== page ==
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Kilcar - still the only place for long life!

Francie McCloskey

Francie McCloskey

If you want to live a long life in Donegal, then you need to be born in Kilcar! Since the turn of the new Millennium 12 people born or living in the parish of Kilcar have reached the age of 100. Surely that’s a record for one of the smallest parishes in the country.

The newest entrants to the Centenary Club are Francie McCloskey, Curris, and Kitty ‘Dearg’ Byrne, Cashel, who created another piece of history when they reached the age of 100 on the same day on Monday last, 4th February.

Indeed, they were born within hours of each other with the midwife assisting at the birth of Kitty at the home of her parents at Cronroad, Kilcar, then heading immediately to Curris for the birth of Francie.

Kitty and Francie were christened together in St. Cartha’s Church, Kilcar, two days later on 6th February.

Francie still lives alone and is hale and hearty in his home in Curris where he looks after himself, while Kitty is now a resident at Harbour Lights Nursing Home, Killybegs, after breaking her hip in 2005.

The Byrne family held a party for Kitty in Killybegs on Sunday last while Francie is busy organising his own party for John Joe’s in Kilcar on Saturday night next.

They are just two of at least twelve natives of the Kilcar parish who have reached the ripe old age of 100 since the turn of the Millennium.

At one stage in 2001, four from the Kilcar parish were still alive having reached 100, with Cassie ‘Dominic’ Sweeney, the Queen of the Centenarians, from Crove, reaching the age of 108 before her death at the Rock Nursing Home in Ballyshannon in February 14th, 2003.

In 2001, Maggie Campbell, Cuskerry; Annie O’Donnell, Drumreagh and Annie Murrin, Crowanrudda/Stranadeega, had also reached the age of 100.

Since then another six natives of the parish of Kilcar were inducted into the Centenary Club - Nellie Byrne, Muckross; Maggie Byrne, Main Street; Maggie O’Gara, Straleel North; Gretta McRedmond (nee Campbell, Drimnafinagle, as well as Francie and Johnny McGinley, Umiskin, who were then residents of Chicago and Scotland respectively).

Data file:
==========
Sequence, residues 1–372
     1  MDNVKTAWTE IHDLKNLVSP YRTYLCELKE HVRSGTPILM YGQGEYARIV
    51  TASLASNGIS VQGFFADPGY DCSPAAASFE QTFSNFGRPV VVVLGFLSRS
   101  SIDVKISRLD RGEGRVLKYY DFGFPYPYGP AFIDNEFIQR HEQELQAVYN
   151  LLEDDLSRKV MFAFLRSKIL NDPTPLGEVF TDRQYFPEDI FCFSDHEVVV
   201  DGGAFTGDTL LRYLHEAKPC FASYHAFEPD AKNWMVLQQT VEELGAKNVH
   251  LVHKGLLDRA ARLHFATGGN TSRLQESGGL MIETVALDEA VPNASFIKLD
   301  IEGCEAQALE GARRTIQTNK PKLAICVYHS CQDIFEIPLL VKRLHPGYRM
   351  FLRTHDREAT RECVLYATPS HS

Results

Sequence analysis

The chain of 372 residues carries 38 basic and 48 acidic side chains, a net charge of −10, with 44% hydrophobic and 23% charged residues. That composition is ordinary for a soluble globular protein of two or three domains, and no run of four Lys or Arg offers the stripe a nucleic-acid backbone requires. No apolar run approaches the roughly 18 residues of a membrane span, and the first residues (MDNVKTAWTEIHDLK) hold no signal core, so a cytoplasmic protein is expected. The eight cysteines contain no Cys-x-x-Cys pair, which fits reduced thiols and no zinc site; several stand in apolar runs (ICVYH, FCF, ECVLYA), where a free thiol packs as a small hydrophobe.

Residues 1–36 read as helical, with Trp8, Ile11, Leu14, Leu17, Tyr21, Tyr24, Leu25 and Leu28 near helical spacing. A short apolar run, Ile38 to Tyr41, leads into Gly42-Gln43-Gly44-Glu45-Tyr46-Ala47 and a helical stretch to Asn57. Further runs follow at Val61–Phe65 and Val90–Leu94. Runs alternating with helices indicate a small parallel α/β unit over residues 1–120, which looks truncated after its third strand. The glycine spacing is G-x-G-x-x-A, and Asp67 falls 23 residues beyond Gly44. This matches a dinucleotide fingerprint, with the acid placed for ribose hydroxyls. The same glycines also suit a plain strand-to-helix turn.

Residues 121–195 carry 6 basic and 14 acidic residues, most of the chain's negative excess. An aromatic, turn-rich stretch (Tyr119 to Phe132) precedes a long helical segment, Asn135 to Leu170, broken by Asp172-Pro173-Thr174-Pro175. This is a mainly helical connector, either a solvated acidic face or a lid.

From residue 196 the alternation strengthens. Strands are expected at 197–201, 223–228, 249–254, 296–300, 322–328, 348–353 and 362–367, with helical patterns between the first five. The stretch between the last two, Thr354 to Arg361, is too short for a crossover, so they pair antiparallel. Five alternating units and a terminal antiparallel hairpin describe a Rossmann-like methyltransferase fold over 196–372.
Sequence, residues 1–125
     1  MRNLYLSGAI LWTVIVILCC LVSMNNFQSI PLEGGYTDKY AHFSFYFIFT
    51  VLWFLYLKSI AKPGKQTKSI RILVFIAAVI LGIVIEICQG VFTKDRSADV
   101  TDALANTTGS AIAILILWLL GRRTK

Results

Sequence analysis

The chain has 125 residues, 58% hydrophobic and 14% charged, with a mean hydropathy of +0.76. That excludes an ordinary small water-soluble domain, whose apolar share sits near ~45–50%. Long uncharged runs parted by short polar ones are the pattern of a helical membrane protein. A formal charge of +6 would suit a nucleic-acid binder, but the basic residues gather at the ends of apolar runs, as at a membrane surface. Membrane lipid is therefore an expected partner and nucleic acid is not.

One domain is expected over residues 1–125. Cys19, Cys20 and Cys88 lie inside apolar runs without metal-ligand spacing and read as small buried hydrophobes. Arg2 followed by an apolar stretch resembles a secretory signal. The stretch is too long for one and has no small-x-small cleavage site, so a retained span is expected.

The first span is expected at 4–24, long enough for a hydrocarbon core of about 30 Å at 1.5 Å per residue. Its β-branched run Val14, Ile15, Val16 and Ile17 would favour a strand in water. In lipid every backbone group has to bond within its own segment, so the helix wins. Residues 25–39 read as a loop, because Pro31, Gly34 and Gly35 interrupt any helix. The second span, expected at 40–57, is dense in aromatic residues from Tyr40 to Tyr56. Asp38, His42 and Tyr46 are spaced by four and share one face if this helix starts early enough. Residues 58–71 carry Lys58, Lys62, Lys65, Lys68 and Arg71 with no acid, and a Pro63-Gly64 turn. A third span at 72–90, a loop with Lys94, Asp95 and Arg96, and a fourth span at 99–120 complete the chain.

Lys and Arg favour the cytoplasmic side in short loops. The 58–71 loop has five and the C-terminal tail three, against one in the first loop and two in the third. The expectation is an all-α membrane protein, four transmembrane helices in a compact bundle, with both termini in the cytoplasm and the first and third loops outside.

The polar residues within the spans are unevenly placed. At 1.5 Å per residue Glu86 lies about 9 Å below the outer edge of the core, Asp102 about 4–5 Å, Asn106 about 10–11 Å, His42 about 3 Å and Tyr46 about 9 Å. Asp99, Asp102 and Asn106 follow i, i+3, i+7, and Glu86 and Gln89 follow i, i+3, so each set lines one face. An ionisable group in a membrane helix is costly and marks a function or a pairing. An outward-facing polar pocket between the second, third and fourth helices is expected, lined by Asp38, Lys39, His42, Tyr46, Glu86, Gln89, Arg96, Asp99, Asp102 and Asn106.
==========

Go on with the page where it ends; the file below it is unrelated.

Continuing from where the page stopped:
The addition of Kitty ‘Dearg’ Byrne and Francie McCloskey makes for an impressive list of centenarians.

One of Francie McCloskey’s claims to fame was the fact that he took a future TD and Parliamentary Secretary, Liam Cunningham, to school on his first day at Derrylaghan. Liam, who represented Donegal as a Fianna Fail TD from 1951 to 1976, went to live in the area when his mother and father died and Francie accompanied him to school in his early years.

Kitty Byrne’s late husband, Francie, was known as one of the foremost fiddle players, not alone in Donegal, but in Ireland, and the Byrne household was a centre of musical activity throughout the year.

Speaking to the Donegal Democrat, local Parish Priest, Fr. Eddie Gallagher, said it was a great celebration for the parish.

“It is a unique celebration, especially for the families, for the parish and for the community. Francie (McCloskey) is in great health. Reaching 100 is something that doesn’t happen often. There have not been many in my lifetime,” said Fr. Eddie.

Kitty ‘Dearg’ Byrne (nee Gallagher)

Born Cronroad, Kilcar, 4th February 1913

Kitty was one of a family of six, three boys and three girls (James, Patrick, Johnny, Ann and Hannah). Patrick (97) and James (90) are still alive and living in Cronroad.

Kitty went to Coguish National School, crossing the river on a plank each day. She married Francis (Francie) Byrne on 12th February, 1934, just weeks after her 21st birthday. The marriage brought together two very musical families with Francie a renowed fiddle player and Kitty a great singer.

She reared four children - two boys and two girls - Annie, Marie, Pat and James. That has extended to 18 grandchildren and 30 great grandchildren and most of them were in the Harbour Lights Nursing Home in Killybegs for the party to celebrate Kitty’s 100th birthday.

Although never a member of the Pioneers, Kitty never drank or smoke and until a fall which resulted in a broken hip in February 2005, she was in full health.

Her life was spent bringing up her family as well as working on the farm. Her daughter, Maire, says she was masterful with the needle, spriggin’, knitting and making clothes for her family.

“She was very good with the needle. She would cross the river to Straleel with pieces and did ‘pieces’ for Bella Boyle in Carrick.

“She was strong around the farm. She was as good as any three,” says Maire.

Kitty also had to be a good entertainer as the Byrne house was full most of the year with people calling, sometimes from all over the world, for music sessions.

“Our house would be full the whole summer, some of them foreigners,” says Maire. “They were very musical. My mother was a great singer, mostly of Irish songs. She had many songs,” says Maire, who is happy that the legacy is being carried on by grandchildren and great grandchildren.